Regular as clockwork, they strapped on their roller skates three times a week and zipped around in circles at local rinks for a few hours of old-fashioned fun.
They were living in a hard world. Saturday night, they were just out for a good time.
That night, some other people were out for vengeance.
Shots rang out as the three friends, Angela Southall, Ronice Elisha Williams and Keane Lavell Faulkner, stood in Southall's driveway, ready to head to a Cerritos rink for hip-hop music night. Southall's father rushed outside his Compton home, but he was too late to do anything but mourn.
Police say two gunmen mistook the friends for rival gang members and killed them in a drive-by shooting in retaliation for a murder committed hours earlier on their turf. The alleged driver, who has evaded police, and two suspected shooters, who are in custody, were charged with three counts of first-degree murder Tuesday. Investigators are still seeking co-conspirators.
Their bullets ended the trio's custom, and set in motion the ritual of the murder-wrenched: calls to notify friends, trips to the hospital to identify the bodies and visits from reporters who need to collect photos of the dead.
In Compton, where the Police Department is struggling to cap the murder toll before it surpasses last year's 84 homicides, it has become a hauntingly familiar routine, one that these three families practiced with a sort of numb acceptance. City leaders Tuesday prepared to declare a state of emergency, vowed to enforce the city's 10 p.m. curfew and canceled police vacations to increase law enforcement presence in gang hot spots.
But all that's left for the families are the hollow words that ring through Los Angeles neighborhoods every weekend now.
"He was in the wrong place at the wrong time," Tommy Faulkner said of his son, who died two months before his 21st birthday.
"You can't lock them up," Lafreda Butler whispered as she recalled how her daughter Ronice loved to shop and skate with her friends. "You just say, 'Lord, help me take care of my children.' "
"They were like sitting ducks," Darrel Southall said as he stood in his driveway, in the same spot where he cradled his daughter's crumpled form just a few nights before.
For best friends Angela Southall, 16, and Ronice Williams, 17, it had been just another Saturday. They spent the afternoon shopping together at a mall in the South Bay. Both teenagers had started tacking up Guess and Nordstrom shopping bags in their rooms, displaying them like trophies after the hunt.
In the afternoon, Ronice headed over to Angela's house to shower before trekking to the rink. She planned to spend the night at Angela's home, as she had almost every weekend this year. Pamela Southall used to stock her kitchen with some of Ronice's favorites, rice cakes and apple juice, in anticipation of her visits.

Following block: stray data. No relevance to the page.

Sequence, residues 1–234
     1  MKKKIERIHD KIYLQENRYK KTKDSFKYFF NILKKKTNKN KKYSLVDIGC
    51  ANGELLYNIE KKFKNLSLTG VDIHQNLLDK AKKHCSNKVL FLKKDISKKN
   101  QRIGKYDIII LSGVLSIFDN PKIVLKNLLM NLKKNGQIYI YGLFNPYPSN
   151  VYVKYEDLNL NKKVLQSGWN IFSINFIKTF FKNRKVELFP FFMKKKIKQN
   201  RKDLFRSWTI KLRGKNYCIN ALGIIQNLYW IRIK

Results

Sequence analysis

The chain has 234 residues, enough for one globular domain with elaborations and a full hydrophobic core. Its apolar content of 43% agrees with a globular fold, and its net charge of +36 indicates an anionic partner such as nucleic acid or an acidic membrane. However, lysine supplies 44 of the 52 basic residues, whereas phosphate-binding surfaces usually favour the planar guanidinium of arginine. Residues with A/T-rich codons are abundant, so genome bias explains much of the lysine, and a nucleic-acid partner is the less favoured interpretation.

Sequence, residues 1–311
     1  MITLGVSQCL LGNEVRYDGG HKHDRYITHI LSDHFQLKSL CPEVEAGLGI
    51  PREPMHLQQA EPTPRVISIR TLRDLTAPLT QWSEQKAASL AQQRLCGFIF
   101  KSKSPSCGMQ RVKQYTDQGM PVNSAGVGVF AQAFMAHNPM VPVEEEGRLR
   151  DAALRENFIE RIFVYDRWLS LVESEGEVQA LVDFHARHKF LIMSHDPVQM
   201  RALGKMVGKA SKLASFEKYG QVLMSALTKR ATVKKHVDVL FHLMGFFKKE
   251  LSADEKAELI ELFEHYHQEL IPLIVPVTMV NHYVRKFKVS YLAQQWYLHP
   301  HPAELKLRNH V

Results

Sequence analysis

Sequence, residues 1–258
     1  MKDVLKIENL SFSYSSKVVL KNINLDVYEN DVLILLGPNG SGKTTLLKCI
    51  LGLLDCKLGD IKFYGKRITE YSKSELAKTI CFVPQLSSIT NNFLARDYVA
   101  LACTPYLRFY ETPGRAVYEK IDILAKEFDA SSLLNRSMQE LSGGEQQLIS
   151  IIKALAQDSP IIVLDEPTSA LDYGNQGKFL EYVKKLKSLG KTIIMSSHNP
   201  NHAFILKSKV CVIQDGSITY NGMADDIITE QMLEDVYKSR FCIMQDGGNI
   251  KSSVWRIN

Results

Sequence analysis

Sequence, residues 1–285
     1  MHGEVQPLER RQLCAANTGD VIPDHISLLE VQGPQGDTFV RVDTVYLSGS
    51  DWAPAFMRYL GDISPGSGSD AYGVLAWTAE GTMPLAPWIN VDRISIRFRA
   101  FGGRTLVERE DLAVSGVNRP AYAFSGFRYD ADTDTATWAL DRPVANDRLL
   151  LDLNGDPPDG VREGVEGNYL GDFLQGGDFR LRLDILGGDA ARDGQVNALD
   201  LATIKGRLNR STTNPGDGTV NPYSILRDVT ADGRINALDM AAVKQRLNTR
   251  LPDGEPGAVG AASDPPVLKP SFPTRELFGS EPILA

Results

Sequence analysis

Ronice, a senior at Alain L. Locke High School, learned to skate as a toddler. Her mother and a number of other family members were avid skaters, and Ronice quickly turned Angela on to it when the two became friends.
Ronice worked part time at her family's 99-cent store and planned to attend El Camino Junior College. She dreamed of becoming an attorney, said her mother, Lafreda Butler.
Ronice used to post a "Do Not Enter" sign on her bedroom door, but since Saturday, Butler has reflexively checked the room, wondering for a moment what has become of her daughter. She catches herself thinking that Ronice is just following the old routine.
"I think, 'It's Saturday night. She's over at Angie's house,' " Butler said.
Angela, a junior at Fairfax High School, had just finished studying when her best friend pulled into the driveway Saturday. Her textbooks were still scattered on the floor of her room. She placed a picture of her best friend next to her bed. She loved hip-hop music, her father recalled, but shunned gangsta rap.
"This," said Darrel Southall, 44, waving his hand over a wall of photos in her room, "is my baby." He said she had been skating for several years and was considering college. Last year, she volunteered to attend the prom with a boy after his date left him at the last minute, he said.
Faulkner, 20, a former football, basketball and track athlete at Compton High School, had worked part time at a Redondo Beach tax form company. A table in his family's living room is covered with golden trophies from his school days. His father, a truck driver, brought him up "under the belt, and he turned out OK."
Tommy Faulkner, 45, said too many children are living in homes without discipline, in families that are afraid to punish them when they do wrong. He said he suspects that the people who murdered his son grew up in such a household.
"It's the way you bring your kids up," he said.